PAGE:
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Monday, Nov 19, 2001

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Five star touch to fast food

The Bowl and Wraps festival at Chola Sheraton's Cafe Mercara offers a unique treat at an affordable price.

DON'T YOU think that a masala vadai tastes much better when you eat it on the road or in a car? Somehow the same magic is not there when you have it at home or for that matter even at any restaurant. May be it is the plantain leaf or the newspaper it is bought in or is it that our senses are more honed while on the road?

Street food is about being right there living the moment, feeling the pulse of the local culture. There is no window dressing, no artifice.

At Cafi Mercara, Chola Sheraton, the executive chef, Vijay Malhotra brings in a variety of fast food to the five star comforts with the Bowls & Wraps festival. Of course the transplanting of the most vibrant food is not a painless one. The inevitable homogenisation, the five star touch is very much there. Still all is not lost. The canny French realised the potential of this cuisine early enough and even institutionalised it with their roadside cafes.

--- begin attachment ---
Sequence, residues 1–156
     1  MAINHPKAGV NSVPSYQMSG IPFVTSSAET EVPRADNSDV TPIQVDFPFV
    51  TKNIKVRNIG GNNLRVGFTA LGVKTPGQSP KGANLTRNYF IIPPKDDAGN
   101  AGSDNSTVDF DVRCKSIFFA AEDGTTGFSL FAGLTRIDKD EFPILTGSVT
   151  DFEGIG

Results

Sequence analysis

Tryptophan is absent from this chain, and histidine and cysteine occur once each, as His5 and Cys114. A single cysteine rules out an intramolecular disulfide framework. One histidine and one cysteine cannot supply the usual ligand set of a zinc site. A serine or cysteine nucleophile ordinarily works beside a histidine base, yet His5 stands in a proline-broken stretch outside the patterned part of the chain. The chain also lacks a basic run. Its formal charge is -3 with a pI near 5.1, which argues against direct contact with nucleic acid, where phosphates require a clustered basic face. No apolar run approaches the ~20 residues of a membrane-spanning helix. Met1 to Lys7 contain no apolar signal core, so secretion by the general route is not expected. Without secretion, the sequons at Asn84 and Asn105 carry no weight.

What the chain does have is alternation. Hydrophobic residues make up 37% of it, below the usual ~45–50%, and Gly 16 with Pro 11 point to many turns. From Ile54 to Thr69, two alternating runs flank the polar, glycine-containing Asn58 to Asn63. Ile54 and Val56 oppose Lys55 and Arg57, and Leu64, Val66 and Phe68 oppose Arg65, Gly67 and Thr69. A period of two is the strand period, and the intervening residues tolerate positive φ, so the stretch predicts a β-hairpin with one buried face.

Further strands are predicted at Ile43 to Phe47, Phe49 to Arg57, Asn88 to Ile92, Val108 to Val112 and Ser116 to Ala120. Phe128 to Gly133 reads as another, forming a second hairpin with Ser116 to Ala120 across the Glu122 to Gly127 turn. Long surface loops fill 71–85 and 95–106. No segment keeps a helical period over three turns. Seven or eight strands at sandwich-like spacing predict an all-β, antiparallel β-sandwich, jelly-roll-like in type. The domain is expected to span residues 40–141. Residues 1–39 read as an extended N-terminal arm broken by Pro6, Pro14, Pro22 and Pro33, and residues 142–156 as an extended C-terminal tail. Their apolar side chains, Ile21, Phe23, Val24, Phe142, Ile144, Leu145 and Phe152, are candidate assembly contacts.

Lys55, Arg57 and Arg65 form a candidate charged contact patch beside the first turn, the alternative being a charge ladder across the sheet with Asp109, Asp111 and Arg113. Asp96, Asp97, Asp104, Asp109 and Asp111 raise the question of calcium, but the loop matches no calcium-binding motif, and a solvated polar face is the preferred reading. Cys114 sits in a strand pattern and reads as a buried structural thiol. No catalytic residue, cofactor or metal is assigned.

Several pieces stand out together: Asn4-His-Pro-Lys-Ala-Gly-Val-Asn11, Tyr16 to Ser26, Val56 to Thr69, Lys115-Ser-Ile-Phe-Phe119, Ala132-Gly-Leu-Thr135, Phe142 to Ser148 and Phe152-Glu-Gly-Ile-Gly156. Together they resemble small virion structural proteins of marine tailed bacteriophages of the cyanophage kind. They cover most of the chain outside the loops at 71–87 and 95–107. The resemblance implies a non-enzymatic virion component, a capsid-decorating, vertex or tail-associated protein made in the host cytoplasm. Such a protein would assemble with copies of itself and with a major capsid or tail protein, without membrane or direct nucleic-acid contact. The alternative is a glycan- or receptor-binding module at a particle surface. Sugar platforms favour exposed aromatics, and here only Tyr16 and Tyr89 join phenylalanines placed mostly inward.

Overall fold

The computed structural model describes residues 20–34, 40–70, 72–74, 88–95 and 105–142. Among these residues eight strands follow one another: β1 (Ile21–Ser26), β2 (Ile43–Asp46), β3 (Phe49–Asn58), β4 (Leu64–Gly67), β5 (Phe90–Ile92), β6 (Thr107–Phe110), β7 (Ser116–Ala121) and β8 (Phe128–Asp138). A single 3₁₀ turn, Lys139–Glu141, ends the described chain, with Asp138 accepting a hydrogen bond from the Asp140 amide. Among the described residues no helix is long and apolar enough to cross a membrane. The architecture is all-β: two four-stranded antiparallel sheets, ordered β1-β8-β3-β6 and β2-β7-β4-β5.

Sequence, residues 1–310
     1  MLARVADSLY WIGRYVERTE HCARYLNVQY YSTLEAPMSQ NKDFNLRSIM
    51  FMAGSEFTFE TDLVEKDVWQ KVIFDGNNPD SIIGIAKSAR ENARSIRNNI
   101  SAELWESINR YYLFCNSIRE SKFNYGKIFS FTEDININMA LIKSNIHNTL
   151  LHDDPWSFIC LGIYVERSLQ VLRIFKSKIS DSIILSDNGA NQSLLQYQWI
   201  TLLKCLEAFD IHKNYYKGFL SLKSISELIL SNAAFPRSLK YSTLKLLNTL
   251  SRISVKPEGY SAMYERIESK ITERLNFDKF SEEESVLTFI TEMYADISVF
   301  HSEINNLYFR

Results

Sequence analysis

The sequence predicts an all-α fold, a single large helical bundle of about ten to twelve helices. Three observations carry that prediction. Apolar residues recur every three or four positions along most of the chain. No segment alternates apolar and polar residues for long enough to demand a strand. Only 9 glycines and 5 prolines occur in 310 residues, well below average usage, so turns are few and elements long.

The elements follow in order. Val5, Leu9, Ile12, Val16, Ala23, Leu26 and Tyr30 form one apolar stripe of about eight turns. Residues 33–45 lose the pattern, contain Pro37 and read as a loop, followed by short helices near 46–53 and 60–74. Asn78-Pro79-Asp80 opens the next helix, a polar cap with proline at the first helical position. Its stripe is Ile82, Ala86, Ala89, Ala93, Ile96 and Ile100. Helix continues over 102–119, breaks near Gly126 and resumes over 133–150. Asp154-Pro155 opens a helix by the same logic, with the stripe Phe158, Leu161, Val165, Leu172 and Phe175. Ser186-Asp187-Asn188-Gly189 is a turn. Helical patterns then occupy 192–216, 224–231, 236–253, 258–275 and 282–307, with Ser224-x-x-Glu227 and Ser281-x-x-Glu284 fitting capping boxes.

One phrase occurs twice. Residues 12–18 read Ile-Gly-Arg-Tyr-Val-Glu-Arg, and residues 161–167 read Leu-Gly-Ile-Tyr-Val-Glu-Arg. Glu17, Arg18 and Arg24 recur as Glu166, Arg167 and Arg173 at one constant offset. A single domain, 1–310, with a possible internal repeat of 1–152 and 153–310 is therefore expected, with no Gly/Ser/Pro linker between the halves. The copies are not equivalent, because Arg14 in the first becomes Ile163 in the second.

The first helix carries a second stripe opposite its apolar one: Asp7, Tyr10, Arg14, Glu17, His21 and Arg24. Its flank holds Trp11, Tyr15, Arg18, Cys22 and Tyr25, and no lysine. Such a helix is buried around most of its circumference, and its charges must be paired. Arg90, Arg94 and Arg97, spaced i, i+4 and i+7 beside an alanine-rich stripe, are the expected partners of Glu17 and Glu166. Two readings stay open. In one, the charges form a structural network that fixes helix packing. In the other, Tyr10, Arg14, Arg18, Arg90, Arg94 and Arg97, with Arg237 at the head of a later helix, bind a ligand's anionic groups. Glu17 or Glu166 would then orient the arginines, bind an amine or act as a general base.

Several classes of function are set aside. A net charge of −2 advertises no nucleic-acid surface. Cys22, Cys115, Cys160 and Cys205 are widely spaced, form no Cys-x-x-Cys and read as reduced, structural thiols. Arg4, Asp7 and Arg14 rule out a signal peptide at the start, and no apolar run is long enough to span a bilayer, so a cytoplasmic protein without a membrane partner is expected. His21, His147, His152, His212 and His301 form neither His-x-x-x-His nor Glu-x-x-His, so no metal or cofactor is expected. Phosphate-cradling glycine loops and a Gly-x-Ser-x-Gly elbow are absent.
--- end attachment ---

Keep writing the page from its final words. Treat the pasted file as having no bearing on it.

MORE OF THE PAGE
The Union Wrap is about crepes with spinach, mushrooms and cottage cheese in their folds. Though the name is a bit confusing the roots are unmistakable.

The Mexican Wrap is grilled chicken in tortillas. The tomato and bell pepper salsa gives the bite to the other wise bland dish. Though our own Katti rolls are not featured, there are Chettinad and Punjabi wraps. Though mutton fry rolled in veech paratha may not be there in any wayside eatery, the combination is promising. In the same measure the clubbing of rumali roti and chicken tikka is innovative. The pita-bread chicken combine, Arabian Wrap is my favourite in this section.

The Bowls part of the fest includes Oriental, Thai, Avadhi, Kerala and Italian bowls.

The innumerable noodle stalls that dot Chinese and Japanese cities are a testimonial to the popularity of this fast food. At Mercara, chef Malhotra gives it a seafood interpretation. Again the Indian representatives do not jell well in the harsh light of reality.

The Avadhi bowl has saffron pulao and mutton roganjosh while the idiappam and vegetable stew make the Kerala one. Pasta, fusilli with bacon, cream and white wine sauce is tasty. The Italian dish is light and goes down smoothly. Authenticity is not an issue at this festival. The price is.

At Rs.150 plus taxes the five star fares comes closer than ever to the general public whose food is being featured.

The portions served are sizeable too. One bowl or a wrap is enough to fill a person. The festival is on till November 30.

MARIEN MATHEW

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